Top 10 tech tips and tools that data scientists should know

Data science is one of the fastest growing careers in the world. We have considerably more data than we do scientists capable of mining, processing it and making sense of the data we have already generated and are going to generate in the next few decades.

Businesses and governments need to unlock value from the masses of data we currently have. Studies have found that across 10 sectors, such as healthcare and financial services, there is $3.1 trillion worth in economic value that could be unlocked.

Some of the many challenges preventing us from unlocking the value trapped in data – not unlike creating petrol and diesel from fossil fuels trapped underground – is not enough people with the right skills, technical roadblocks and the work required to make raw data usable. Technology, and not enough people with the right skills mix, makes data science jobs so valuable.

Undertaking data science work also requires a computer with enough power and memory. Although using Python doesn’t take up that much power, if you are already using machine learning programs or into deep learning methodologies, you are going to need all of the processing power available. If you use a Mac for data science work, maybe uninstall apps on MacOS to liberate processing power and hardware space before embarking on a new project.

In this article, we cover ten tech tips for data scientists, including useful tools and apps, that should make data science work somewhat easier.

#1: Amazon Web Service (AWS) Lambada

Part of the Amazon Web Service environment, Lambada is a serverless, event-driven platform that makes it possible for data scientists to put a model into production. Create your theory, and then instead of waiting for developers to implement; a data scientist can test it on live or raw data, in a cloud-based environment. Using Lambada requires S3 access.

#2: Python

A pretty standard part of a data scientists toolkit. You don’t need to be a master programmer, but a working knowledge of Python is always going to make your work easier to handle.

#3: Feature engineering and Featuretools

An advantage in the deep learning field of this profession is the power to turn semi-structured datasets into something useful, into features. For example, text documents may not be every data scientist’s first choice as a source of raw material, but with Featuretools, you can automate a lot of the grunt work. Featuretools gives you the ability to define associations between tables, which then produces the models that the data can generate.

#4: Build micro-services with Flask

Flask is a micro web framework tool created in Python. Flask is useful for writing using Python and turning this information into web calls. It is equally using for building microservices, thereby creating shortcuts when working with large datasets.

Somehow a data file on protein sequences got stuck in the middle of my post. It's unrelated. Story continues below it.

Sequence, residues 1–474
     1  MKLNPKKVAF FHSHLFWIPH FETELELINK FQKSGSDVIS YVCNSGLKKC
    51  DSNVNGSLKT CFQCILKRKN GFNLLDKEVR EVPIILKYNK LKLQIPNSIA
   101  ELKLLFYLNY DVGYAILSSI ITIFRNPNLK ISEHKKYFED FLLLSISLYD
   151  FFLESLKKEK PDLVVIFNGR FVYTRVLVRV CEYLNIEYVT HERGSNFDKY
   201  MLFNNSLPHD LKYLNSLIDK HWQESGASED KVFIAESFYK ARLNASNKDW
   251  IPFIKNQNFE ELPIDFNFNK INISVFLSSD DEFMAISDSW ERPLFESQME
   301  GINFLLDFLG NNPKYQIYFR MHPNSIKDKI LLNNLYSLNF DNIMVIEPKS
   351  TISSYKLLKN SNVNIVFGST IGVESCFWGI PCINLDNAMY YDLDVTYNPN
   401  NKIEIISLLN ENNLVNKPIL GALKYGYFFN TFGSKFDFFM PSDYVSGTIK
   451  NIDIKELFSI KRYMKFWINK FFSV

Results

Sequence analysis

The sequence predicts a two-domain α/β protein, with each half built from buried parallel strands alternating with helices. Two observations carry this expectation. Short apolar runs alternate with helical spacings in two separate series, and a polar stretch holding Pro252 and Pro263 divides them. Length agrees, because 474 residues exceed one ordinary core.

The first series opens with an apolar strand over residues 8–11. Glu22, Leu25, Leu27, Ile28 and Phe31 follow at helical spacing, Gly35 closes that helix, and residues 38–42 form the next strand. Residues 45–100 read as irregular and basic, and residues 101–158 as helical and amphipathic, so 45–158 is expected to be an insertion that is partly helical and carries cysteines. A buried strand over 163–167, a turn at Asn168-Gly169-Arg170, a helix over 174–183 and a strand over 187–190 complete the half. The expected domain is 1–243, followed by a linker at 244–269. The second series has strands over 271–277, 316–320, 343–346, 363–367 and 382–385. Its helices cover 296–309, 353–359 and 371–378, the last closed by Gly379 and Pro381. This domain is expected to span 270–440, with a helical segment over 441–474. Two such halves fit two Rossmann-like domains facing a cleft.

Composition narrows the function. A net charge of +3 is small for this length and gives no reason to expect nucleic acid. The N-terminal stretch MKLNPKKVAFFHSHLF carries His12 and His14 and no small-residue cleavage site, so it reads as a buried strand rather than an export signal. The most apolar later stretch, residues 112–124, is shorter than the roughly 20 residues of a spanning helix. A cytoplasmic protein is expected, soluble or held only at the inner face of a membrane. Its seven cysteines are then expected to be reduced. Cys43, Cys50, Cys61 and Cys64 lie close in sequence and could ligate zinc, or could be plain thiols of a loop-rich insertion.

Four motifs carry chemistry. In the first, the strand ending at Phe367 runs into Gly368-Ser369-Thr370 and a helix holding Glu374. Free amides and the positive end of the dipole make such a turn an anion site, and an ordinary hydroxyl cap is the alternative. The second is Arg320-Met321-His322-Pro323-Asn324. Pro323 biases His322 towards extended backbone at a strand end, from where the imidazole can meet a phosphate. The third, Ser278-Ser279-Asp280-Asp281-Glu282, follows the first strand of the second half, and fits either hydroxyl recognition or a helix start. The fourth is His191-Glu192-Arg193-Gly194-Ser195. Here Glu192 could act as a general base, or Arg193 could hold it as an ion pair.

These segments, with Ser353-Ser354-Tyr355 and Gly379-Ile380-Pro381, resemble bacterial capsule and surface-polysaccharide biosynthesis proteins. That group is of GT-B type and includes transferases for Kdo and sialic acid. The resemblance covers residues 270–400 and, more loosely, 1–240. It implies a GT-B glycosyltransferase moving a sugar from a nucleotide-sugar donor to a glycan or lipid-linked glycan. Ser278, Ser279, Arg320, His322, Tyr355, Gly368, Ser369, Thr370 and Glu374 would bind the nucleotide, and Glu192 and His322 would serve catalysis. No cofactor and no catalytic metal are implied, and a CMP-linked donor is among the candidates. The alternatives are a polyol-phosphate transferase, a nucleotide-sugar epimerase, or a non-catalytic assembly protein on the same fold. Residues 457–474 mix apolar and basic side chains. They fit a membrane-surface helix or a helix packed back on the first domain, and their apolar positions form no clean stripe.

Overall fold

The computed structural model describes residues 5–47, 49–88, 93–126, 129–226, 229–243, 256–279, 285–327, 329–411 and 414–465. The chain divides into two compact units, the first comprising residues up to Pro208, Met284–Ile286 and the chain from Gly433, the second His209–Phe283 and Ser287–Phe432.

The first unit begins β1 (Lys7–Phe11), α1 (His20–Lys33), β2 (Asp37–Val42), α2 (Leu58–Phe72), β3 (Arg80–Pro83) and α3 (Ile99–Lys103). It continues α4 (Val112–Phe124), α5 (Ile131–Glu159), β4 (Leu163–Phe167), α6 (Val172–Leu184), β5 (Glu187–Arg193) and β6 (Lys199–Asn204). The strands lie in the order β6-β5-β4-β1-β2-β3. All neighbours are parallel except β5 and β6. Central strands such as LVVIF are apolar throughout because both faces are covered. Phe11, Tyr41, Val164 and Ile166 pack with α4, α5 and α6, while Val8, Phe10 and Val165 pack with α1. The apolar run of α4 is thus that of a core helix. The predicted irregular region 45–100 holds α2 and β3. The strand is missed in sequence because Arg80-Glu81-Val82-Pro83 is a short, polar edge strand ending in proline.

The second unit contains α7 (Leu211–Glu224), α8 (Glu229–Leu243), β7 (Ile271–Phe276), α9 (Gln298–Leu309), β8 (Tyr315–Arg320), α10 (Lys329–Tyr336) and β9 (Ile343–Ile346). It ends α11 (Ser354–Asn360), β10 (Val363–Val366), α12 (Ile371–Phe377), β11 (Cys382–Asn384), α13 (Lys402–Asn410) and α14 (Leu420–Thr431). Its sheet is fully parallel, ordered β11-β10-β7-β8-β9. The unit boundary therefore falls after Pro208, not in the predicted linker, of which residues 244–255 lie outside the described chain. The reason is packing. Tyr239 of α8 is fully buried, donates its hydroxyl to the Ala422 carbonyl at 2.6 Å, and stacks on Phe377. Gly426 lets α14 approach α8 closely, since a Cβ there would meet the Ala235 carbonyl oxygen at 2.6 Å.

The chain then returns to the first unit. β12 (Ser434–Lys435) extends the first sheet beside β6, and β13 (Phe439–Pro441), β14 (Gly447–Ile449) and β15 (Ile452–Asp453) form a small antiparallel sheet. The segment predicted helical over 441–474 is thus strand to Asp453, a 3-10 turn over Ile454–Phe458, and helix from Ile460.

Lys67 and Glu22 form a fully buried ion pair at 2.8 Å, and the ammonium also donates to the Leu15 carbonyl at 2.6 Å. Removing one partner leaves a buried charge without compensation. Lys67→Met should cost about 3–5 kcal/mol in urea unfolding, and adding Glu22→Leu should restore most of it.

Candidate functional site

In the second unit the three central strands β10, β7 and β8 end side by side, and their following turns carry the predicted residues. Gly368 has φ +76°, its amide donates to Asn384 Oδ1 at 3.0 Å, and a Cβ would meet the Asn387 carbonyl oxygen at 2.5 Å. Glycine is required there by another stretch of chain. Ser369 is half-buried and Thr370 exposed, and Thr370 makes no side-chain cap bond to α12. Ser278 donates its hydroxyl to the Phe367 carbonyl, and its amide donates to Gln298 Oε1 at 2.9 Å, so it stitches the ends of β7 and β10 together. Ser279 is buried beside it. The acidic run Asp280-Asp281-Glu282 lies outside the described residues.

#5: PySpark

Providing you are familiar with Python, PySpark is invaluable for scaling huge amounts of data. It can also be used for creating pipelines for machine learning and data platform ETLs. Well worth getting used to this language to simplify work with large tranches of data.

#6: RapidMiner

Preparing data is one of the most time-consuming aspects of data science work. It is one of the main reasons that corporate “big data” projects fail or take too long. A widely read and quoted New York Times article noted that data scientists spend – through no fault of their own – too much time doing “data janitorial work”, just to make raw data useable, useful and transferable. With a tool such as RapidMiner, it can make some of this work easier, quicker and automated.

#7: Amazon Athena

Another useful Amazon (AWS) tool is Athena; ideal as a repository for storing large datasets and tranches of data. Microsoft Azure and Google BigQuery are similar, in a number of ways, and competing platforms with a different suite of tools and capabilities.

#8: KNIME Analytics Platform

Another useful analysis tool for extracting as much useful information as you can from raw data. It is an open source application that makes it easier to create extraction and analysis apps around data sets.

#9: Google Fusion Tables

When it comes to data visualization, Google is onto a winner with Fusion Tables. First launched in 2009, when the sector wasn’t anywhere near as large and vibrant as it is now, it can be used to gather, visualize and share data tables.

#10: Microsoft Power BI

Launched more recently, in 2014, Power BI is Microsoft business analytics solution that creates visualizations and intelligence from raw data. Companies get their own dashboard and can quickly use this to turn raw data into something useful and more valuable.

Data science is a challenging and exciting career. We can do so much now with the knowledge and right tools to make the most of the opportunities data analysis represents.

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